half -hour- after they had parted com
pany on the Boardwalk. Elmer" Will
lams, and Edward Rider, known among
their associates as the "Siamese Twins
because , of their close resemblance to
each other, were ushered Into the da
tective- bureau as suspects In a stab-
bins' affray.' Rider proved to be the man
wanted and W illiams, who was found
on a train for Philadelphia, was in any
thing but a .cordial mood.
Caroline Brown, Rider's alleged vie
tim. was taken to the City Hospital
suffering from terrible cuts about the
face and shoulders. She was attacked
as she left a beach front hotel at which
she Is employed. Williams was given
his freedom and Rider was held with
LAUNCH LOST IN STORM
a. - -
Lklitlv G. Believed to Have Gone
Down With Four Aboard.
JUNEAU, Alaska. May 11 Probable
loss of the gasoline launch Edith G.,
which left Juneau with four men
aboard, April 12, for Kntk, and has not
made port, was reported by J. Snow,
special agent of the Internal Revenue
Service, who- arrived yesterday from
At Yakutat Mr. Snow learned that
the Edith G. was last seen April 16
fighting huge seas in a terrific gale
off the Southwestern coast. Besides
Captain Green those aboard the Edith
G. were John Heley, John MacDonald
ana TonyMacDonald of Juneau,
fAttenttoini Centers on toe Bigs
A A ..Jf-" ----'-7'.- t,-sr '',
ii 1 ( m m m m m
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II in ,-.., 'lSZ3'y' C5p C
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J&s w;4 t''' ;j-?ai''' -&tJ- - SiW Vhjj..!??' VX';t I x
"w---:t'" ... . . . . . . . A - tk.
Forty Thousand Dollar Stock of the
iresoo Haiirdlwaiire C0
Builders' Hardware, Tools, Cutlery, Sporting Goods, Garden Tools, Etc, Etc., being sold
at extremely low prices. Thousands of bargains, contract goods included. Act quickly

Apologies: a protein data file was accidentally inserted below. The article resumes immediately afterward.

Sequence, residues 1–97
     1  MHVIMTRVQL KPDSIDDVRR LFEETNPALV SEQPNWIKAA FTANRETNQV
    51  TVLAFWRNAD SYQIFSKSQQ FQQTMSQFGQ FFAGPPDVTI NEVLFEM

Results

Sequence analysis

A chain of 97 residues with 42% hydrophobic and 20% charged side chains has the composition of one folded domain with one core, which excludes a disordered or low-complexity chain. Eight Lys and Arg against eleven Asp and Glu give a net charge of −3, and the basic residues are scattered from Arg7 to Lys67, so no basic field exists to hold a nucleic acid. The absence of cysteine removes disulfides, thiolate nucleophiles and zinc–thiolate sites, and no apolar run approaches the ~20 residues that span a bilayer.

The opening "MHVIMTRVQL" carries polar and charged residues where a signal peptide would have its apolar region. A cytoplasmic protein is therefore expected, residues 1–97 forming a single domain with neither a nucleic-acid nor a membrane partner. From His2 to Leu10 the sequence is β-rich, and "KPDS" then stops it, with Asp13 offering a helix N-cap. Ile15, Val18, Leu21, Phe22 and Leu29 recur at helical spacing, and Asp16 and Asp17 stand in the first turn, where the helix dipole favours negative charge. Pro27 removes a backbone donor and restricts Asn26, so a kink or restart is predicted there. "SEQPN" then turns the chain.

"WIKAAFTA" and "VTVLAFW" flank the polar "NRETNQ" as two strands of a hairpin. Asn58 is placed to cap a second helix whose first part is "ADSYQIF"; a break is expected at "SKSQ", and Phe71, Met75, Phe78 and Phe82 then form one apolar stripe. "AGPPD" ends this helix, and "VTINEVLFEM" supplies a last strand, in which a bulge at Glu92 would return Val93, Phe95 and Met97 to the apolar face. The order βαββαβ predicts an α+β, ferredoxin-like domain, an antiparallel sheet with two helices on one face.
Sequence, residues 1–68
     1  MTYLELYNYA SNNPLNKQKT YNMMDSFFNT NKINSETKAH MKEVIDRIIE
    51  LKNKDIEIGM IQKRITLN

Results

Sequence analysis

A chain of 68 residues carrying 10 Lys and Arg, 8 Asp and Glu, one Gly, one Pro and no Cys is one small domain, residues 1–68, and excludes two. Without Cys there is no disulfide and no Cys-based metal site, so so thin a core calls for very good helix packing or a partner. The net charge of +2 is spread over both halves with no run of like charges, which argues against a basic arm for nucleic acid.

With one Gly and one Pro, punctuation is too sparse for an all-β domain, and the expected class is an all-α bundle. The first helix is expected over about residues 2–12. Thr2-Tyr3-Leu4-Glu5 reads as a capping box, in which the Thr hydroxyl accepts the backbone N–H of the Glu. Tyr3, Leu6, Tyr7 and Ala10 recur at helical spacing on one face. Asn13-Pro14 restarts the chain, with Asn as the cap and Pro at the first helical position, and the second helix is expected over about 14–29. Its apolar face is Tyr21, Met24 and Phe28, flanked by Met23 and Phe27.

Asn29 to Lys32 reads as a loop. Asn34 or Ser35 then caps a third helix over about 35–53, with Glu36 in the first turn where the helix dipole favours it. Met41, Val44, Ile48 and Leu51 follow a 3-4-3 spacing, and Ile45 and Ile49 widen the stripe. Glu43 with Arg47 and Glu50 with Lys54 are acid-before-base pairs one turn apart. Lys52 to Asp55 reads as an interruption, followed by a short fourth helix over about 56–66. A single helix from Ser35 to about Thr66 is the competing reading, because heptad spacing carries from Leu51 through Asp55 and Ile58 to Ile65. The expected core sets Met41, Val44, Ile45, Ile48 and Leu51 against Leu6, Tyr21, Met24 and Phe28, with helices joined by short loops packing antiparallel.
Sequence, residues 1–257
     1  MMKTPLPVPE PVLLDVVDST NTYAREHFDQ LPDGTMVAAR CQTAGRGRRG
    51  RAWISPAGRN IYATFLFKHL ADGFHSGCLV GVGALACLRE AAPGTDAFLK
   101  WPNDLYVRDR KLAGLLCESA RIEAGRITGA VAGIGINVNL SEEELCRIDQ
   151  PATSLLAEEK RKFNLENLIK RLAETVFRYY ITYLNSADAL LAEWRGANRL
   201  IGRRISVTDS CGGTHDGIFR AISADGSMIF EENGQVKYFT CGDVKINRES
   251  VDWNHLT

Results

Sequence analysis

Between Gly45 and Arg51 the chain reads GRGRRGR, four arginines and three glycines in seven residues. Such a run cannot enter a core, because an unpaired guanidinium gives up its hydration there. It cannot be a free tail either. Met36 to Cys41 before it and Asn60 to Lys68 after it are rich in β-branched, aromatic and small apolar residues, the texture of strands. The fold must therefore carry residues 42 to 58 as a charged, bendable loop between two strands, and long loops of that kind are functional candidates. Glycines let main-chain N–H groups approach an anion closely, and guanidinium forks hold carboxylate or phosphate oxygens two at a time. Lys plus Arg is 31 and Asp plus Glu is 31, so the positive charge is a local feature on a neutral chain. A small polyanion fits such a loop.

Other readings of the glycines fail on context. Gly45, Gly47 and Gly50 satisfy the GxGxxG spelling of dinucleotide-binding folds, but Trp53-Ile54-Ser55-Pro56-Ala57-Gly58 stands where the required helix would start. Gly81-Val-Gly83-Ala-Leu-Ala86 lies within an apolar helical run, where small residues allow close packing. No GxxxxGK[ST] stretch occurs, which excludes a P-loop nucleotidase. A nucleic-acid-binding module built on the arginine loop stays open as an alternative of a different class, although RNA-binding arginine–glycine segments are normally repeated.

Those capable of judging will see at a glance in the following
partial lists of articles and prices that WE MEAN BUSINESS
Dealers and Others Are Invited to Make Bids for This Stock, Complete or in Part. Fixtures for Sale
Shotguns and Rifles All Being
Closed Out at Wholesale Cost
10e Kail Seta at the special,
lOe Gimlets at tae special,
Re I.ead Pencils at the spe
cial, 2 for i
10c Tapered and three-ear-nered
10c Curling Irons at the spe
Keen Kutter and Other Makes .
25c Scissors for . . . 20c
65c Scissors for . . . 50c
75c Scissors for. . .59c
85c Scissors for. . .64c
$1.65 Scissors . .$1.30
50c Knives for . . . 38c
75c Knives for . . . 55c
$1.00 Knives for. .70c
$1.25 Knives for. .90c
$1.50 Knivec for $1.10
lBc Braa Hose Conpllna-a, rT
special, pair t C
10c atme Standard Household
Lubricant, aqulrt top, for...
lSe alae Standard Household
Lubricant, a4utrt top, for.. J C
SOc Screw Drivers, 12-Inch - f
slse, special -LUC
15c tlw L Pajt'n Liquid f
Glue at the special XUC
15e Steel Triple Towel
S5c Sharing Bruahea at -the
An nsnortment of Carpenters'
Wood Hits, worth up to
GOc, choice for
SSc Kitchen or Parlour
Knives at the special....
SOe can Le Page'a Liquid
Glue at the
50c Ballpeln Hammers, (J
lb. aperlal DC
KOc Half-circle Kountaln QQ
Lawn Sprinklers for mcC
S.'e Nickel-plated Towel tr
ROc Brass Hoae 'oxslea,
eoc Keen Kutter Try
Sqnares, 13-Inch sice
IOc Soldering Irons at the
.Se Butcher Knives, 12
Inch slse, special
Pe'a Liquid -J r
special ... J. DC
S5c Grass Sickles at the -
special ,. C
3Sc Grass Shears at the" Oft
SOc Combination Pliers, - , Oft
nickel-plated, special mdXjC
40c Keen Kutter Try f) r
Squares, choice for ttjs
SOc to 91.23 Doc; Collars,
$2.50 Baseball Mitts
$1.75 Baseball Gloves
$4.00 D. & M. Catch
ers' Gloves .... $2.75
$1.50 D. & M. Catch
er's Mask r . 75c
50c D. & M. Catcher's
$3.00 set of 2 pairs D.
& M. Boxing; Gloves